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An interesting question (with no clear motivation) on X validated wondering why a Gibbs sampler produces NAs… Interesting because multi-layered:

1. The attached R code indeed produces NAs because it calls the Negative Binomial Neg(x¹,p) random generator with a zero success parameter, x¹=0, which automatically returns NAs. This can be escaped by returning a one (1) instead.
2. The Gibbs sampler is based on a Bin(x²,p) conditional for X¹ and a Neg(x¹,p) conditional for X². When using the most standard version of the Negative Binomial random variate as the number of failures, hence supported on 0,1,2…. these two conditionals are incompatible, i.e., there cannot be a joint distribution behind, which makes the limiting behaviour of the Markov chain harder to study. It however seems to converge to a distribution close to zero.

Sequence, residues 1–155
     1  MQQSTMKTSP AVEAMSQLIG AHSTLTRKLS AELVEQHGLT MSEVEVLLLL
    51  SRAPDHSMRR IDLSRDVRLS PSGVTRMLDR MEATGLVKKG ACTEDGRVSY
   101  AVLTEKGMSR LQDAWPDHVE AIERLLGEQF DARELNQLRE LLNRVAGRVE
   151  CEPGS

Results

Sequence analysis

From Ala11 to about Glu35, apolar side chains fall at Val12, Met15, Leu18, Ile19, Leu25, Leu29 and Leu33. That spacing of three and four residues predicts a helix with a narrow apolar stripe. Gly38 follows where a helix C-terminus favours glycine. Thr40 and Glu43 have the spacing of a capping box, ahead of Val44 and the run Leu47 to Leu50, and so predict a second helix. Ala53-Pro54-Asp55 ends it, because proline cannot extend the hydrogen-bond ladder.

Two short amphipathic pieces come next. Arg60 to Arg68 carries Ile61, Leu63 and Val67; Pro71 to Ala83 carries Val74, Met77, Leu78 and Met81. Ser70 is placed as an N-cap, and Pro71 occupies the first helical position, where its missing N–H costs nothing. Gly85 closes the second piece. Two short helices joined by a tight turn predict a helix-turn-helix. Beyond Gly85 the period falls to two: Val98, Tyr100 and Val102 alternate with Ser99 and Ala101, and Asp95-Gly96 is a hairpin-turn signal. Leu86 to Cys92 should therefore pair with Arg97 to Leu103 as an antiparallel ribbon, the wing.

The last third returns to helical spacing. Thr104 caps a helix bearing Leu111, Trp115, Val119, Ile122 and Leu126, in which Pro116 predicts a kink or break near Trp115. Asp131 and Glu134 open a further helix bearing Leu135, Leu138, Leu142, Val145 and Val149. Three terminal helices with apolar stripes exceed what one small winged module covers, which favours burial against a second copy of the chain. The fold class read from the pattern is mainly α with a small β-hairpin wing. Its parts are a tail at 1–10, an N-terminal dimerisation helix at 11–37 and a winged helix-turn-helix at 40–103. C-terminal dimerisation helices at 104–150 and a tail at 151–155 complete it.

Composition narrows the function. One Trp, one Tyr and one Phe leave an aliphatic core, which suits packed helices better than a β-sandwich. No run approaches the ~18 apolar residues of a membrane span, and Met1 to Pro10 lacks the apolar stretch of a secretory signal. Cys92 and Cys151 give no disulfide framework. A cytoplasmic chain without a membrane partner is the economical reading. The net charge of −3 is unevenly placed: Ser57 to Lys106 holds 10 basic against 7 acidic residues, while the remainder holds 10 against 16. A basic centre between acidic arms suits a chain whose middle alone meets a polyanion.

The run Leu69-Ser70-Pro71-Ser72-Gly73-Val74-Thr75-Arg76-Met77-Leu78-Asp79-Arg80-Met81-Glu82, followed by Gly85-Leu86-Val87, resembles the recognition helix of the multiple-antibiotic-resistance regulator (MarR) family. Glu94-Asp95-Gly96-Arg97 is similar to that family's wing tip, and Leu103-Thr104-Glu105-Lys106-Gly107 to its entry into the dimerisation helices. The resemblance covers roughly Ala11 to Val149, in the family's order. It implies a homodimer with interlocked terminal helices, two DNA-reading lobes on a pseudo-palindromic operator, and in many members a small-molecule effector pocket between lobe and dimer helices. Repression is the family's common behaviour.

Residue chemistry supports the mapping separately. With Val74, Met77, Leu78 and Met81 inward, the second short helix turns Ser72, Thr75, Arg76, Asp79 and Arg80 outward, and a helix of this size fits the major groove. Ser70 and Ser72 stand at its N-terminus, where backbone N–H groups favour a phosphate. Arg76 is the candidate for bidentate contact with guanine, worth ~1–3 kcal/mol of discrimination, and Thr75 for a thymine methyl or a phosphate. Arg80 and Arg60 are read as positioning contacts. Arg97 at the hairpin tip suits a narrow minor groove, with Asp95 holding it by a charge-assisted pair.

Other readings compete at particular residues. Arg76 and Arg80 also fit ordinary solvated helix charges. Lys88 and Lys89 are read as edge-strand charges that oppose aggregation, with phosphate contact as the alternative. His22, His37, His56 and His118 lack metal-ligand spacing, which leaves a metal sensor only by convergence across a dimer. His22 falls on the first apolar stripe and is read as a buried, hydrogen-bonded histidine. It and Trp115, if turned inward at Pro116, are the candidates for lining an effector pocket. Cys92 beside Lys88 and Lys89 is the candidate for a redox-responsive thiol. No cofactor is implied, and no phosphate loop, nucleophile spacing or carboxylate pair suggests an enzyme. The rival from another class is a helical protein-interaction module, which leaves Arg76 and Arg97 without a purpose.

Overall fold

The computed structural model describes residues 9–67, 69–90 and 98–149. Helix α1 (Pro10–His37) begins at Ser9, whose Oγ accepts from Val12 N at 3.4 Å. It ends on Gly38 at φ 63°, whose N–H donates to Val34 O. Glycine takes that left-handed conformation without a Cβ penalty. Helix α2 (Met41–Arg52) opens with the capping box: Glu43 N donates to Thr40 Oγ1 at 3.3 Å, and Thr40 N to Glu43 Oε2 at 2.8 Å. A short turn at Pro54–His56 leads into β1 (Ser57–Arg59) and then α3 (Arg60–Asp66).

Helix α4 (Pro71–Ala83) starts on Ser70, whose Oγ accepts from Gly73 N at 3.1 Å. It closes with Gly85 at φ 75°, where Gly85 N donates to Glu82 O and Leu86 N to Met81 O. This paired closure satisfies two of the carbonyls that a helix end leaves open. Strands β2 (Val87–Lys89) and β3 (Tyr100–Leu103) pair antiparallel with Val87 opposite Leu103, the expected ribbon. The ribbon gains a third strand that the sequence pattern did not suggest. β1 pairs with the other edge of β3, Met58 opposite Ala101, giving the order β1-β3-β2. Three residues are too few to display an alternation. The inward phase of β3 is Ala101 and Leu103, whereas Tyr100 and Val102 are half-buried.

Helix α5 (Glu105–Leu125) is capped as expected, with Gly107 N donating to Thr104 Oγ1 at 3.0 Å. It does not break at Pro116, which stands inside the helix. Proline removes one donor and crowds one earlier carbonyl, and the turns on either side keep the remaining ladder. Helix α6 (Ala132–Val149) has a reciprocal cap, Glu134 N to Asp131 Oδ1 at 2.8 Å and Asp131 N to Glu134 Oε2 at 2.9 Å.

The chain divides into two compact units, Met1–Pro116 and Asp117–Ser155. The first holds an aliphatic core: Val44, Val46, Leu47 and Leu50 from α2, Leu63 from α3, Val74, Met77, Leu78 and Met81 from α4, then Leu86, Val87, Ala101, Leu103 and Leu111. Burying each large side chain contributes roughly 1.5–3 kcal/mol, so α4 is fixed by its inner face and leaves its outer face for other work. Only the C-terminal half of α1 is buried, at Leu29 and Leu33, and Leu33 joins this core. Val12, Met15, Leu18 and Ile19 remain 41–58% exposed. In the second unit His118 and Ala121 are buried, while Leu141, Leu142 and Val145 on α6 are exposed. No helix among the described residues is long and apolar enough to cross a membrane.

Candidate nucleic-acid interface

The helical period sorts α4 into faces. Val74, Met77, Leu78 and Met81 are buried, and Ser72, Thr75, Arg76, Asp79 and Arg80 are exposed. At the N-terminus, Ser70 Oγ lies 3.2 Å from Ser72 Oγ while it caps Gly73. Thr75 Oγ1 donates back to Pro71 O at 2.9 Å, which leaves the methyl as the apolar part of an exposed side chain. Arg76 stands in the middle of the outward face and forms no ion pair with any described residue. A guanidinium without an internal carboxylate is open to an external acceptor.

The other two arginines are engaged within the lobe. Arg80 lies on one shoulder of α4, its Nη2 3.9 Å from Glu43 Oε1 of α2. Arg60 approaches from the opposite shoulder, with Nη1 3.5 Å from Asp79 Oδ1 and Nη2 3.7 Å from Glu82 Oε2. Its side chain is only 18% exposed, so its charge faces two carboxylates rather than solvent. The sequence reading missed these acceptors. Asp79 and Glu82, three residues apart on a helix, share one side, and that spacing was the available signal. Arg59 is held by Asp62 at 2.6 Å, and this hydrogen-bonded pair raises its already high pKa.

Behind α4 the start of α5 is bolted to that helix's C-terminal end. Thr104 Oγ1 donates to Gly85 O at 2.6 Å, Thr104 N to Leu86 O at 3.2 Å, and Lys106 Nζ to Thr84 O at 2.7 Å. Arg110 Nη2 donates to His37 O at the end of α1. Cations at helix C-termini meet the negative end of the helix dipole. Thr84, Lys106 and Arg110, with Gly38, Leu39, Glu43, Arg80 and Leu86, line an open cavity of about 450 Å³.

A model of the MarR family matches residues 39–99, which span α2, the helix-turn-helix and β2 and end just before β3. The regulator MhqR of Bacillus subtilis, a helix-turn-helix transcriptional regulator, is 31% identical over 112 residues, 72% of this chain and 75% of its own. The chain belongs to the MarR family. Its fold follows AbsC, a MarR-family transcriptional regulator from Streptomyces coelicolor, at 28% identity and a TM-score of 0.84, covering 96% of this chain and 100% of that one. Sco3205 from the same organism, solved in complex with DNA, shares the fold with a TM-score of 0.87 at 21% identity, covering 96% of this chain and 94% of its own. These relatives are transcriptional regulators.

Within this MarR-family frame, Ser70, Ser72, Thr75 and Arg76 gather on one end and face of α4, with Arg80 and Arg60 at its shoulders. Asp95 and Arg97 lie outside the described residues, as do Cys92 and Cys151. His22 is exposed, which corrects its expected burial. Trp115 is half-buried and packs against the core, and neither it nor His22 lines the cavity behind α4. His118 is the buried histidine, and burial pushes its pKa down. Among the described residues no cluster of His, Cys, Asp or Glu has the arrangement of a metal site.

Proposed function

3. When using the less standard version of the Negative Binomial random variate as the number of attempts for the conditional on X², the two conditionals are compatible and correspond to a joint proportional to $x_1^{-1} {x_1 \choose x_2} p^{x_2} (1-p)^{x_1-x_2}$, however this pmf does not sum up to a finite quantity, hence the resulting Markov chain is at best null recurrent, which seems to be the case for p different from ½. This is unclear for p=½.